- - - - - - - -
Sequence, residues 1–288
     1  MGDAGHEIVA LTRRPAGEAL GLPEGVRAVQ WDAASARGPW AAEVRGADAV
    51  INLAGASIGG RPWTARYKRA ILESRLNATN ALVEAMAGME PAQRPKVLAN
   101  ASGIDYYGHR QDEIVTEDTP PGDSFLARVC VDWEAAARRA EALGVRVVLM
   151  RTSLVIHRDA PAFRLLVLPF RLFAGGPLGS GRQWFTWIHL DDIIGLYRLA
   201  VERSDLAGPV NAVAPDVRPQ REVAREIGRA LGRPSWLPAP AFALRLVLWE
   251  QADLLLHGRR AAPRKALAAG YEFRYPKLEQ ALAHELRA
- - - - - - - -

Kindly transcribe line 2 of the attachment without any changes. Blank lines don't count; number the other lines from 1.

     1  MGDAGHEIVA LTRRPAGEAL GLPEGVRAVQ WDAASARGPW AAEVRGADAV